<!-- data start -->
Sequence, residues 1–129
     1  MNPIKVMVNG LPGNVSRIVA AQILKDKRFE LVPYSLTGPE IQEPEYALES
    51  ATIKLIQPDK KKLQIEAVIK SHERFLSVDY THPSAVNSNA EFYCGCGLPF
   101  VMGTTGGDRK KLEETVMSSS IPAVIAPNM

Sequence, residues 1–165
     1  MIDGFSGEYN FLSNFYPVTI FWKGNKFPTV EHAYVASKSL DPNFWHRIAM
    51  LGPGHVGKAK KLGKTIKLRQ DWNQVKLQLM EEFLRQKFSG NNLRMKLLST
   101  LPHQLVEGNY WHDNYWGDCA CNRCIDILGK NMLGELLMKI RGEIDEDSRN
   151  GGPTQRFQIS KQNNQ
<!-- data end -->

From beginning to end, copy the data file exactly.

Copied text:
Sequence, residues 1–129
     1  MNPIKVMVNG LPGNVSRIVA AQILKDKRFE LVPYSLTGPE IQEPEYALES
    51  ATIKLIQPDK KKLQIEAVIK SHERFLSVDY THPSAVNSNA EFYCGCGLPF
   101  VMGTTGGDRK KLEETVMSSS IPAVIAPNM

Sequence, residues 1–165
     1  MIDGFSGEYN FLSNFYPVTI FWKGNKFPTV EHAYVASKSL DPNFWHRIAM
    51  LGPGHVGKAK KLGKTIKLRQ DWNQVKLQLM EEFLRQKFSG NNLRMKLLST
   101  LPHQLVEGNY WHDNYWGDCA CNRCIDILGK NMLGELLMKI RGEIDEDSRN
   151  GGPTQRFQIS KQNNQ